Lord Donaldson of Kingsbridge

My Lords, before the noble Lord sits down, may I say that he said some curious things about the hunger strike? He gave the impression that if somebody went on a hunger strike about something which was not terribly important then you should give way to him. It seems an odd thing to have said. He seemed to suggest that it was right to stand up against political status but that these people were asking for something less and that therefore we should give way to them. It is something I find difficult to understand.

Lord Kilbracken

My Lords, I am sorry if I did not make myself clear to my former noble friend. The point I was trying to make is that, as my noble friend Lord Brockway previously said, the impossibility of granting politcal status has been given as a reason for not settling the hunger strike. My point was that in the prisoners' eyes, or mine, the granting of that status is not a necessary preliminary to their giving up the strike.

Lord Elton

My Lords, to the noble Lord, Lord Kilbracken, I would say that quite technically it was not him but my noble friend Lord Brookeborough whom I interrupted, as he was on the wing to interrupt him. I did not intend discourtesy to him. I wished to anticipate and prevent a debate on the matter of defence developing in a debate on the matter of the extension of interim provisions. While the present situation at the Maze Prison does not relate directly to the Motion which is before the House, it has been raised in discussion so often during the course of the debate that I think it proper to address a few words to that subject by way of preface to my reply to the debate and to address myself in particular to the efforts of recent days to bring an end to the hunger strike.

I should also refer to the death in prison yesterday of Joseph McDonnell. The Government view his death, although it resulted from his own decision to refuse food and medical treatment, with the deepest regret as they do any death arising from the tensions and unrest which continue to beset the Province.

The Government were grateful to the Irish Commission for Justice and Peace for its intervention and for its attempts to secure an end to the hunger strike. The Minister of State at the Northern Ireland Office, my honourable friend Mr. Michael Alison, held a series of meetings with the commission between 23rd June and 6th July with the objective of clarifying the Government's position, which your Lordships will recall was set out at some length by the Secretary of State in his statement of 30th June. I must make clear at once that these discussions were in no sense negotiations with the hunger strikers through the intermediary of the commission. The belief that they were has led to some misunderstandings, some of which have been voiced this evening.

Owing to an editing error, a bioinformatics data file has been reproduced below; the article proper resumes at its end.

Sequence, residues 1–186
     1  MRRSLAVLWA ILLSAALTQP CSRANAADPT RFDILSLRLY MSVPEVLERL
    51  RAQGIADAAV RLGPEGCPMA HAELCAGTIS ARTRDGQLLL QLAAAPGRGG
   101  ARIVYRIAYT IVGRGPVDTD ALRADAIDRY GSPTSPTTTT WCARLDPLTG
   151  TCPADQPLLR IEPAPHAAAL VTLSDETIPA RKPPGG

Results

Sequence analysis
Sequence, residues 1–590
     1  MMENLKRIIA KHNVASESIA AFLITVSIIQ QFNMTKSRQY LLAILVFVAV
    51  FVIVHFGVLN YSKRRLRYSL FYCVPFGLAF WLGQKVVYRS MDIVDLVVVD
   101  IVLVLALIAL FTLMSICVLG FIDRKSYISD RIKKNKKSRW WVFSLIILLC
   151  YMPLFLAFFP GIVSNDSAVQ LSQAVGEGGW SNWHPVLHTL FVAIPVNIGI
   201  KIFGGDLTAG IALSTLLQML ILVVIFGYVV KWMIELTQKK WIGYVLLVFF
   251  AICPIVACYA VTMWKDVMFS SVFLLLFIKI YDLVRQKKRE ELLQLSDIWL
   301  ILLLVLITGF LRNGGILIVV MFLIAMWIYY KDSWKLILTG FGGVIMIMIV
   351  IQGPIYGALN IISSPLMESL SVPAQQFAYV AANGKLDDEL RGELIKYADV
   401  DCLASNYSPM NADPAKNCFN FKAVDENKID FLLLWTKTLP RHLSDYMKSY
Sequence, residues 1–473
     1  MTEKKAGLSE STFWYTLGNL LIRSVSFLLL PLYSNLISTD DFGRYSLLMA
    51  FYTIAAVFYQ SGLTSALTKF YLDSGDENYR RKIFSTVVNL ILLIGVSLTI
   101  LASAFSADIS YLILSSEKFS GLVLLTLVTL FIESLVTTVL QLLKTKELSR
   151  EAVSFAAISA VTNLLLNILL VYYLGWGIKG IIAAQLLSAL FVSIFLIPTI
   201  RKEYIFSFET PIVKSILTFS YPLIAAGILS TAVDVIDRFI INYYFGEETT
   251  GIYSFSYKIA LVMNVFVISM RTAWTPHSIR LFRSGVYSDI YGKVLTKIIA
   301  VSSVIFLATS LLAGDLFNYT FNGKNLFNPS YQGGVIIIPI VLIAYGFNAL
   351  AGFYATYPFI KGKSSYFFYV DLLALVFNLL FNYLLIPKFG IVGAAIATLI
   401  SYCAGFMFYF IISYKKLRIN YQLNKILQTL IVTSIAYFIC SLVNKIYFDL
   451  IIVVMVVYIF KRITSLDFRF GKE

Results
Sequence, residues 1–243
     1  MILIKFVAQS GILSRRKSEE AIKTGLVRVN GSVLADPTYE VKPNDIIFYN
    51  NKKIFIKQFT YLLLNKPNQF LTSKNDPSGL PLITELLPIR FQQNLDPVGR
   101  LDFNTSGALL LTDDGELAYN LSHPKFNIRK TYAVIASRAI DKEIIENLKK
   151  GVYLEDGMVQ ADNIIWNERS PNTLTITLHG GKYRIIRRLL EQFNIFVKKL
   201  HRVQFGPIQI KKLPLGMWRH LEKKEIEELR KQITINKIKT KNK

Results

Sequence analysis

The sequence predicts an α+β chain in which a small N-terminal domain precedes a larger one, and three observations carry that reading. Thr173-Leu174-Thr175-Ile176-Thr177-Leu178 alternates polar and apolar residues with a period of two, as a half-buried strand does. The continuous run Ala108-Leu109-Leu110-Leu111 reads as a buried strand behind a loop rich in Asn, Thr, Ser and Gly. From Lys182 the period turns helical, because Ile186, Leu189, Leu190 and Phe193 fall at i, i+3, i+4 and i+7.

Your Lordships will have seen the statements which have been made about the latter stages of the discussions with the commission, and suggestions that in some way the commission were misled by the Government. I must refute, in the strongest terms, these allegations of bad faith on the Government's part. The fact is that on the evening of 6th July the commission produced at a meeting with the Minister of State a statement which in the Government's view did not accurately reflect what had been said in earlier discussions. In the circumstances, the Minister was obliged to say that if the commission issued the statement, the Government would have no alternative but to repudiate it. The commission accepted this, but were anxious that the Government should explain its position to the prisoners, and suggested that it would be helpful if a Northern Ireland Office official were to go to the prison when the explanation was given.

Your Lordships now know that the Government's attitude was fully set out in a statement read to the hunger strikers by the prison governor yesterday morning. A Northern Ireland Office official was present. We deeply regret that the statement and its exposition of what would happen when the hunger strike ended did not lead to the strike being called off. I do not think it is realistic to suppose that the problems of timing, to which a good deal of attention is being given, are at the heart of the matter. The fact is that the prisoners, despite the statement issued on their behalf on 4th July, continue to press demands on work and free association which the Government find unacceptable.

The Earl of Longford

My Lords, surely the noble Lord must agree that it is astounding that these two high-minded parties—and both sides have paid tribute to the faith of the others—were able to discuss matters, whether you call it negotiations or discussion, for 16 hours and then reach a complete misunderstanding. That seems amazing.

Lord Elton

My Lords, I am endeavouring to tell your Lordships what happened. If noble Lords are astounded, that is for them, but we are all disappointed. Our position remains as it has been consistently stated. There are further steps which can be taken under the heading of prison reform when the hunger strike has ended and the atmosphere in the prison has returned to normal. What we cannot do is to make changes under the duress of a hunger strike. The noble Lord, Lord Donaldson, put his finger on one reason why not. I repeat that the Government regard the commission's efforts as having been helpful and having clarified some areas of difficulty. We do not regard the hunger strike as insoluble if the prisoners and those who support them are prepared to accept the reality of a prison régime which preserves the essential requirements of proper control by the prison authorities; we shall continue to make the most strenuous efforts to bring the hunger strike to an end.